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just equal zero are respectively: (a) $10,00, $10.00 (b) $3.33, $9.75 (c) $10.50, $12.50 (d) $9.00, $10.50 (e) $9.00, $11.42.

137. A monopolist faces the follovving completely isolated markets:

Market A P $14 $13 $12 $11 $10 $9 $8 Q 1 2 3 4 5 6 7

Market P $16 $13 $10 $8 $6 $4 $2 Q 1 2 3 4 5 6 7

Average total cost is constant at $4 per unit. What is the firms profit? (a) $0 (b) $12 (c) $24 (d) $6 (e) $48.

138. You know youre paying external costs when: (a) the new roommate you found with a Nexus ad moves in wearing a hearing aid and carrying a large stack of Lawrence Welk records (b) the person sitdng next to you in the Econ 1 exam badly needs a shower (c) you catch a nasty glint in the eye of the who sells you a twenty cent stamp for a dollar (d) your neighbors dog walks off with a pordon of your heel between its jaws (e) answers (b) and (d) only.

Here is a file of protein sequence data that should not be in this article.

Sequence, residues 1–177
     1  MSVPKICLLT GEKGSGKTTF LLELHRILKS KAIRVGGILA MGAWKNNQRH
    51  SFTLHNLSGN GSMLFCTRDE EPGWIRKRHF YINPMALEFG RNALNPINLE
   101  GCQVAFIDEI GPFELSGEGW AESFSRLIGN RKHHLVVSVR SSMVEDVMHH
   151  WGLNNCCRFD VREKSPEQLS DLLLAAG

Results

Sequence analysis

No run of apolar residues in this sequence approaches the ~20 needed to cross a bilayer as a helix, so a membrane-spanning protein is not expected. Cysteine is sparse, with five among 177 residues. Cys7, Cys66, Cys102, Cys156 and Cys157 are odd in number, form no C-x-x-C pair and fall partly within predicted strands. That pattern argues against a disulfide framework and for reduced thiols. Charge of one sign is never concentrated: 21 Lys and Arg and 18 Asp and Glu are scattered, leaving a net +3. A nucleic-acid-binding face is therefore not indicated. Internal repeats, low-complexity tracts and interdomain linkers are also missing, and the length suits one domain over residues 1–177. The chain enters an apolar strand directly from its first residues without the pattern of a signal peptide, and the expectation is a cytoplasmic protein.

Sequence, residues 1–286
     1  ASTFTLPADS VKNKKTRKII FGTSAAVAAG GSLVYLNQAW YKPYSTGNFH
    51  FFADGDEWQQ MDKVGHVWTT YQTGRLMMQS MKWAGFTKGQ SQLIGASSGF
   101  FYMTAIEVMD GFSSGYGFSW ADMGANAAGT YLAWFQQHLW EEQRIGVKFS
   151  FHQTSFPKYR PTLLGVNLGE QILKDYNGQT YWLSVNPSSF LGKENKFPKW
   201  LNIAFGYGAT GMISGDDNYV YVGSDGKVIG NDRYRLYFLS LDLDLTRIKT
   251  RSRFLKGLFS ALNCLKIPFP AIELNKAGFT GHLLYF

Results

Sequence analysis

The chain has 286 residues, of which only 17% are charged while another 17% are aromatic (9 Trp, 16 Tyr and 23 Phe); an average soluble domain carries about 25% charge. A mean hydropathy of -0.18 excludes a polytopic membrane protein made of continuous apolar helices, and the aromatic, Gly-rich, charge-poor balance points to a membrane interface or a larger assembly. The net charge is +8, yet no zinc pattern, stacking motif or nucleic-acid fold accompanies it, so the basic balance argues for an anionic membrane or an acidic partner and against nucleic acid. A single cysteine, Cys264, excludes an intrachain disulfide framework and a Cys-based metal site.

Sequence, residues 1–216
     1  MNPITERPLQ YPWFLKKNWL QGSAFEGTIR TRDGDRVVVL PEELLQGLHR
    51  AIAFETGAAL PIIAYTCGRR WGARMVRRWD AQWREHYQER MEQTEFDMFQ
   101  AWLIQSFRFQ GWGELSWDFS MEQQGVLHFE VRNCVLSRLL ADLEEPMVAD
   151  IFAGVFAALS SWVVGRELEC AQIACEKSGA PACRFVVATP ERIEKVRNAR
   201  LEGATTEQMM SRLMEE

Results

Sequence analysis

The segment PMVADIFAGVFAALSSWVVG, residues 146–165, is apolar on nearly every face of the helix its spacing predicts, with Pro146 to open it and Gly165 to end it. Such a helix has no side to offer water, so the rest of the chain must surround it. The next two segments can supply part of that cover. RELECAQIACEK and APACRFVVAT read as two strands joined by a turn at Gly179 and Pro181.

Warm-up quesUons: A (e). (e). (a). D (d). E (c). F (b). G (a). H (d). 1 (e). J (e). ( ). L (d). General quesdons: 1 (c). Check with text if unsure. 2 (a). Part of the cost of employing such a person is the health risk to others. 3 (e). The tax would equate internal costs with social costs. By the analysis in Section V, some compeddve firms will need to go out of business. 4 (d). Atypical instance. 5 (d). Wilh no externalides, a subsidy would result in MSB < MSG. Efficiency is solely concerned with whether all benefits are captured by someone. 6 (c). See text. A monopolist would produce less than the in Fig. 1 but perhaps too much less. 7 (b). Theres no right of exclusion until the oil is brought from the ground; hence a race to produce it occurs even when its more valuable if left stored. 8 (d). By definidon. 9 (d). See Fig. III. Use triangle formula. 10 (b). Spinoffs are external benefits; posidve externalities. 11 (c). The patent system attempts to remove some of the problems inherent in #10. 12 (d). Again the marginal social benefits exceed my private benefits, because some of the benefits accrue to the neighbors. 13 (e). Wilh fifty million independent producers of defense, transacdon costs would probably make the provision of a navy, for example, impossible; fifty million rifles are likely to be less effecdve than the equivalent expenditure in aircraft carriers, modern jet-fighters, and other modern weapons. There will also be free-rider problems. 14 (c). Depends upon the size of the external costs and benefits, since the effects cut both ways. 15 (b). By defirution. 16 (c). The fact that its private suggests that no others are affected. If so, external costs are